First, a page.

The question was asked on the CPA Congress blog, ‘Can accountants really add business value using these type of approaches ? I am sceptical about all of this?’.
See the original post here: Online Social Networking.
This is how I personally would respond to this question – you may take issue with what I’m saying, so feel free to drop me a comment below. I’m probably wrong, people are always telling me that.
Thanks for your comment. I think I see a couple of aspects to your question here. I may though have misunderstood the question – so please let me know if I’m wrong. I think you’re focusing on the policy approach in your question?
In addition to the policy approach, the workshop does also talk about some practical etiquette in online social networking (in fact, a chunk of the workshop is around this – half of it is on how to act in a social networking environment, and the other half is how the business responds. Since an alarmingly large number of accountants do seem to have friends, they do seem to use online social networking as well ïŠ. A misstep in this space can result in a fairly tragic career-limiting move. So I think all accountants would profit from doing this part of the workshop.
Regarding the policy approach, the first aspect I see is whether accountants should be in the role of developing policies & procedures around social networking. As a general rule inside the business, I suppose you’re correct that pure accountants don’t get involved in this sort of thing. However, I would say that CPAs are a broad church and many members are not so much pure accountants as general managers (I’m sure I saw a stat on that somewhere). So – certainly not all CPAs, but some, would be/could be/should be involved in developing a response, or at least understand what the issues involved are. Since the CPAs tag line is ‘We mean business’, if social networking is a business issue then CPAs should be across it.
Secondly, I’d also suggest that there is still a fair bit to be learnt in all levels of business as to the potential impact of online social networking on businesses – it’s still an emerging business issue, and awareness is still low. So there’s a contribution to be made if someone wants to find out more about social networking and what they should be doing about it (the actual result after the workshop might very well be: nothing).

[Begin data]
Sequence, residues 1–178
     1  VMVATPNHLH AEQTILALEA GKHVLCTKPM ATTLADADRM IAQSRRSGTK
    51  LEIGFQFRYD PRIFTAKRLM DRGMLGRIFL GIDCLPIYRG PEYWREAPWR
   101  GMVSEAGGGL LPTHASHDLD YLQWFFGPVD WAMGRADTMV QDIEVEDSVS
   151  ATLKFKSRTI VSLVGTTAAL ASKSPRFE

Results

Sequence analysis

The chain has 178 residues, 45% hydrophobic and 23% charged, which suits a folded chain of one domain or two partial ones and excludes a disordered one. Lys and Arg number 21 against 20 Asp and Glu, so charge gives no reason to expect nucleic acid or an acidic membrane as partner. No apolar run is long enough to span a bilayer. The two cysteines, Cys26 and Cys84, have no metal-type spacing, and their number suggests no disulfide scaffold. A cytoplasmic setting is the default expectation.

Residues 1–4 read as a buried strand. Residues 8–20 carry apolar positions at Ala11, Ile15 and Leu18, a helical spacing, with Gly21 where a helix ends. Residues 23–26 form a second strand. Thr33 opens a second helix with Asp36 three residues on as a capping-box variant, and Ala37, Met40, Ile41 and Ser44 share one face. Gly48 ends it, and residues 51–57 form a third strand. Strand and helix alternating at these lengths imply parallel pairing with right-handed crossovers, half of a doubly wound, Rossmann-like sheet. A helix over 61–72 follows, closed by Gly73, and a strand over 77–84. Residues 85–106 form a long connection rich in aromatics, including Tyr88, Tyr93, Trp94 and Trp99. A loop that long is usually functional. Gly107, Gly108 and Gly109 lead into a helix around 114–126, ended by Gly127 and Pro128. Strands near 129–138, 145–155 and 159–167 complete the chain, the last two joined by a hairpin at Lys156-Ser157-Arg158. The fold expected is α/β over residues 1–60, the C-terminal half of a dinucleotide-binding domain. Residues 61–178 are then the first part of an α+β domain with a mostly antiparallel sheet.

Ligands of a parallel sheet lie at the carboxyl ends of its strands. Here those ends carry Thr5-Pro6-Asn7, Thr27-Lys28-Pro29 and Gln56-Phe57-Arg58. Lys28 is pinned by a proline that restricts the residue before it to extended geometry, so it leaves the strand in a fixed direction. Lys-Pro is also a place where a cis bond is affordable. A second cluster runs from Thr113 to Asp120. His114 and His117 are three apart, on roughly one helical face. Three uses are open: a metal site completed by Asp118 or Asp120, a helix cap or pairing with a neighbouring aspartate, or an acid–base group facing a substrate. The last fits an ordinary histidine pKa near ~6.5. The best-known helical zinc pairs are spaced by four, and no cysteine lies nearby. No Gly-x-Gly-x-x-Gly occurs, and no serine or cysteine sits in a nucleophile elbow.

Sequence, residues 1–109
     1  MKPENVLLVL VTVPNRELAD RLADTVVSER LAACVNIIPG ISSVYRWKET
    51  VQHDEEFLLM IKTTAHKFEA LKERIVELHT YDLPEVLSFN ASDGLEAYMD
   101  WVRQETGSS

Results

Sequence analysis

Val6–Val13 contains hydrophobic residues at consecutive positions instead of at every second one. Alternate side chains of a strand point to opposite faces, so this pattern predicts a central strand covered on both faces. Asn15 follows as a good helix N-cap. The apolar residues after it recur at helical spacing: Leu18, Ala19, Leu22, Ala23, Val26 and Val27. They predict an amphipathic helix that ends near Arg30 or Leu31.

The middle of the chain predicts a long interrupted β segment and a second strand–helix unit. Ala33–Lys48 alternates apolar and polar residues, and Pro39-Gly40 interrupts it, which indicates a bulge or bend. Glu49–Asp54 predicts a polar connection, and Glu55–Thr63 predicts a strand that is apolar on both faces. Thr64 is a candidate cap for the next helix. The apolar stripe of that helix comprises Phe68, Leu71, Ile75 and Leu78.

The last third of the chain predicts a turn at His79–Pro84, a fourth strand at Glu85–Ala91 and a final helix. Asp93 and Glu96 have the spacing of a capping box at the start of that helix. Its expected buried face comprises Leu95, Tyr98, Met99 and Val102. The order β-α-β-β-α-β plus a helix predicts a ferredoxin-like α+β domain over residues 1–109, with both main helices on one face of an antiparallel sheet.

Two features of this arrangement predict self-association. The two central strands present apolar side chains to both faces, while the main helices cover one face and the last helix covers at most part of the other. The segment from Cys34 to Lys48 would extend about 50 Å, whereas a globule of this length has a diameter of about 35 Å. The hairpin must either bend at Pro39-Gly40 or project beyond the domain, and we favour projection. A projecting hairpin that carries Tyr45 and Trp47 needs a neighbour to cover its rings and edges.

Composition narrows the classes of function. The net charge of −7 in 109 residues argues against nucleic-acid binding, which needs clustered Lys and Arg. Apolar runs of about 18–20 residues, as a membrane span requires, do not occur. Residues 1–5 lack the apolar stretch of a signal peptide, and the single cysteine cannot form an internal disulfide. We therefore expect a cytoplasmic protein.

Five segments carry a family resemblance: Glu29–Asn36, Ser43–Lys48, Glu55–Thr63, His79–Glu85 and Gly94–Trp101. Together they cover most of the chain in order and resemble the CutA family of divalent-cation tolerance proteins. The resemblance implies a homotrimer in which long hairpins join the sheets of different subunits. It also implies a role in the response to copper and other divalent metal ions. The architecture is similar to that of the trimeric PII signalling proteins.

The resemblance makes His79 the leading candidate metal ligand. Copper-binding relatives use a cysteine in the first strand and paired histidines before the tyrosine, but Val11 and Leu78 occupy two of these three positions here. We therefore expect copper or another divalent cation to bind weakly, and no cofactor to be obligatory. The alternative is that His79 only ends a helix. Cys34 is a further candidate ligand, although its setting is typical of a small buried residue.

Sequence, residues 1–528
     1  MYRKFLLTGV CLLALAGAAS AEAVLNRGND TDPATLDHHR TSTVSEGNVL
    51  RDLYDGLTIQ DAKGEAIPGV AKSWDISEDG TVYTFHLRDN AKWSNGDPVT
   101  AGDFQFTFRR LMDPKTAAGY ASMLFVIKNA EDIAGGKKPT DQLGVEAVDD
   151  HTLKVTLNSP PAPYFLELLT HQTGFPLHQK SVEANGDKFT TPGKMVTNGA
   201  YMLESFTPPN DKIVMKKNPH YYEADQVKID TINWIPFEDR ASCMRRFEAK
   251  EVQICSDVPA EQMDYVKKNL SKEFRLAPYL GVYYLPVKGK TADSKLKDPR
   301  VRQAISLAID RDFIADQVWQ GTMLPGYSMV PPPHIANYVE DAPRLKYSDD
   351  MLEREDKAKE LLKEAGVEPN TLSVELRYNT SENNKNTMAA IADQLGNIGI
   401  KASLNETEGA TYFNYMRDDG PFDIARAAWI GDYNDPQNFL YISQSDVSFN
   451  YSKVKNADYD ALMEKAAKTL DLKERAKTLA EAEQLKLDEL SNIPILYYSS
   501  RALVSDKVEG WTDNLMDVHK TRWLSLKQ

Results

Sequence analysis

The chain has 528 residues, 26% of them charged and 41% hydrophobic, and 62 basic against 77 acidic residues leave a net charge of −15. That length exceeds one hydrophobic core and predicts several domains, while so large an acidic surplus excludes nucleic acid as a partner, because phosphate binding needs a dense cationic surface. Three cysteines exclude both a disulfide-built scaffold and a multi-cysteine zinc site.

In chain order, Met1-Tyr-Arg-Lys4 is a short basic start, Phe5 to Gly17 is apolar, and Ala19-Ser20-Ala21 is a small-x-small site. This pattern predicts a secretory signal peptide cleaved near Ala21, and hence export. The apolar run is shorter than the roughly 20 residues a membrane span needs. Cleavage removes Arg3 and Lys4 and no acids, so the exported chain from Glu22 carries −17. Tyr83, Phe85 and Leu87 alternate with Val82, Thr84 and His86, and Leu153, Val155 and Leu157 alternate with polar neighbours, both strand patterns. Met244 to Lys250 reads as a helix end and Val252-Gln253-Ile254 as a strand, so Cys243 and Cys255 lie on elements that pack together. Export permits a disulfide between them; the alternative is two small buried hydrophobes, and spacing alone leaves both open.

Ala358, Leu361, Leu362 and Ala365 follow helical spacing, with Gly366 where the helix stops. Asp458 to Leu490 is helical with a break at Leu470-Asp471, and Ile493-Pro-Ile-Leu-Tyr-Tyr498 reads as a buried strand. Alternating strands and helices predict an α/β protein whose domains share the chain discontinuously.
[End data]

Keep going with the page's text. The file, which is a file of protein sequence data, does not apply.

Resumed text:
The third aspect of your question seems to be is whether ‘these types of approaches’ (perhaps in the hands only of accountants?) add business value. There are two aspects to the approach I’ve put out there – ‘policies & procedures’ and the ‘AS/NZS 4360:2004’. Policies and procedures are probably necessary if you’re going to have any type of ability to monitor behaviour in a legal manner, so I think the end result has to be a policy & procedure framework. That’s a generally accepted business approach. As for AS/NZS 4360, that is a fairly formal tool to adopt, but when you distil business down to its absolutely purest of essence, it is the value that the business gets and the risk you have to take to get it. 4360 provides a framework for risk, so we might as well use it as a starting point to work out what’s appropriate for the business – establish what we want, identify risks, estimate risk level, evaluate the risks and treat the risks. It is formal, but in my experience lawyers like ‘formal’ when you’re in court defending some action you’ve taken.
You’re right to be sceptical – this is an emerging area still, and I’d certainly not claim that all accountants should be undertaking this role inside a business. Or even that they should all come to the workshop. But I’d suggest most accountants need to be aware of the issues involved in online social networking at least, and at the worst someone walks out thinking ‘yep, I’ll flag this to the HR guys’.
Thanks: Micheal Axelsen
Hmmm. I do dribble on don’t I?